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Plan Your Visit


Experience the world of the steam engine.

Historic Miniature Railway, One mile trip.

Real Steam, Real Small
Scale Hobby Railroad, One mile trip


The museum's magnificent steam powered narrow gauge railroad runs over a 2 mile line through woods, past farms and up steep grades.

Three Different Railroads
The museum's railroad exhibits demonstrate the tremendous power of the steam locomotive and how the innovation of steam power had been applied to many different industries and hobbies.

Small Steam

Miniature Railroads

More Living History Exhibits & Environments

Experience machines of the industrial past

Hesston Steam Sawmillwith 60 inch blade

Experience how steam power produced lumber for homes, barns, railroad cars and so much more. Huge logs are loaded up and a 60 inch saw blade will amaze you with the speed in which it cuts. Children will have a better understanding of where lumber comes from so they will appreciate wood as a resource, not just a material. This steam powered sawmill is very typical of local mills that were found in our area and surrounding towns and villages across the county. Operates on select weekends.


Electric Power Plant
and Stationary Engine


The  Steamworks
Indoor Museum Gallery


On special weekends, volunteers generate electricity with the city of LaPorte’s first electric generator. The steam engine will spin the dynamo to create 60 KW of DC current, showing how labor intensive it was to create power 100 years ago. This “light plant” was located in the LaPorte courthouse powerhouse.  

Our volunteers are working to bring our guests a traditional museum space to compliment our living history campus. The Steamworks will feature interactive exhibits and will develop as funds and volunteers are available. Visit to see our progress or join our Facebook page to see new developments.

Browning Locomotive Steam Crane

Iconic in size and appearance, the Browning Locomotive steam crane is used to lift logs on to the sawmill skid-way when operation demands. Originally built for the US Navy in 1941 by the Browning Crane & Shovel Company. Currently out of service for inspection and rebuilding.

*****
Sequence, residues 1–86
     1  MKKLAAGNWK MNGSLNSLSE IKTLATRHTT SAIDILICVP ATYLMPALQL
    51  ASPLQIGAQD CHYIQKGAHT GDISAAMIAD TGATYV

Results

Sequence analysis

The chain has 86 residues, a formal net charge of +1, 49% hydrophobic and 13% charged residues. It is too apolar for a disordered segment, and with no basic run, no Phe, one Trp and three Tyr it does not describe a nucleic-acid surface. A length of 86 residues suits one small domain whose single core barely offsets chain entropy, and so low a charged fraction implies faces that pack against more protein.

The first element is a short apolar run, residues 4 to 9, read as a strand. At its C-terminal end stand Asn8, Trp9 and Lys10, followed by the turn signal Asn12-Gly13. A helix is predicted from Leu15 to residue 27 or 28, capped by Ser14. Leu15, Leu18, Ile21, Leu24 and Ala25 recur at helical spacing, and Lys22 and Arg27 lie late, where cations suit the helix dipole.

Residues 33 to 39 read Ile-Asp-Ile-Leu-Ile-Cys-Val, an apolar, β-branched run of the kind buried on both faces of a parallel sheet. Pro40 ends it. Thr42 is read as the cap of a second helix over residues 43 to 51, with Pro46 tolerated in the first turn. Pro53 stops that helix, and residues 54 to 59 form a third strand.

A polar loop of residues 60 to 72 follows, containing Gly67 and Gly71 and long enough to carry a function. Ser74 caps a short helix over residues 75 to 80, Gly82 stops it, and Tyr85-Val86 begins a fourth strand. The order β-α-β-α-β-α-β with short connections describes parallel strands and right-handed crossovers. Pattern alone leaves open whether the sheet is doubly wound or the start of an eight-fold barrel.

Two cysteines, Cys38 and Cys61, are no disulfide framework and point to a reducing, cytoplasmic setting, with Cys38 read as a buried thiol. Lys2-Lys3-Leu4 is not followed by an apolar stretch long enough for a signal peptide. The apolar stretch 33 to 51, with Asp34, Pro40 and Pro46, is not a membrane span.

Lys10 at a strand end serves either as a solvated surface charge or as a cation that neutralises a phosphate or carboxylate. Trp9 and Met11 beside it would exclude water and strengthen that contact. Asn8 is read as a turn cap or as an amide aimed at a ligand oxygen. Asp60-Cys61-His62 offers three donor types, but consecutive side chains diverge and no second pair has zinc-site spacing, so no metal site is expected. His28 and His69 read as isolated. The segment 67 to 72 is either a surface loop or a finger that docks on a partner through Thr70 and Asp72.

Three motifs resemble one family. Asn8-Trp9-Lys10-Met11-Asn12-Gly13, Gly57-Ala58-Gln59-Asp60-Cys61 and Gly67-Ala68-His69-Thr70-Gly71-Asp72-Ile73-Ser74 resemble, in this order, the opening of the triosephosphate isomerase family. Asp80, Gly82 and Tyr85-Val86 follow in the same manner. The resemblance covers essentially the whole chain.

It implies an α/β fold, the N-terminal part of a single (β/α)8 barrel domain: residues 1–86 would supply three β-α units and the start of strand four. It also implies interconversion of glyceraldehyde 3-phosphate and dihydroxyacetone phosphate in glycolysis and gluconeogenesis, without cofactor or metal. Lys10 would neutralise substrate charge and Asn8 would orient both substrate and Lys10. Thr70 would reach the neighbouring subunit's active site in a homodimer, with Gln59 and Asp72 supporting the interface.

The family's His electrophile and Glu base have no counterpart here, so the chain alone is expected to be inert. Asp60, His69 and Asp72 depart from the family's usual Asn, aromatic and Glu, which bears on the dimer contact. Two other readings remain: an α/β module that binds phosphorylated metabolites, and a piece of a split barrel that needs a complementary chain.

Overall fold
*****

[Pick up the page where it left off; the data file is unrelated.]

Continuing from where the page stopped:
Steam Traction Engine
Pulling Threshing Machine

America’s unsung hero: The steam traction engine, sometimes referred to as a steam tractor, was a versatile tool for the farmer. It was responsible for increased food production in the 1890s - 1925. Farmers could finally purchase a machine to pull plows and power devices like threshing machines - tasks horses did before these unique machines were available. The museum’s examples of the steam traction engine come from numerous manufacturers and were built between 1899 - 1922. Operation is on select weekends and in full swing at the Labor Day Weekend Steam & Power Show when the threshing machine is used to process grains for the fall harvest.


The Blacksmith Shop
Artwork with Purpose

Every town, village, or settlement had a blacksmith these people were artisans in every sense of the word. The craft was indispensable back in the early 1900s. Everything from wagon wheels to plows were repaired, as well as nails and other hardware produced, at your local smith. Our blacksmith shop is open various days throughout the operating season. Visit the blacksmith and see how fire, anvil, and hammer come together with artistic knowledge to create useful and beautiful creations. You can even purchase some of these one-of-a-kind items from the Depot Store - the museum's gift shop.


Western Union Telegraph Office
in Hesston Station

100 0328

The 1/4 sized railway was originally developed to be used for transportation in World's Fairs, Expositions that encompassed hundreds of acres and transported people around these large areas but also in the small amusement parks and roadside attractions. These type of trains date back to the 1890s the oldest the museum has is over 100 years old built in 1922.

The museum's smallest railroad is a study in S.T.E.A.M. (Science Technology, Art & Math) as these machines are usually built in home machine shops and designed on paper.

The hobby and art of building miniature steam machines and trains dates back to the 1800s when people would tinker to learn about the new innovation of steam equipment.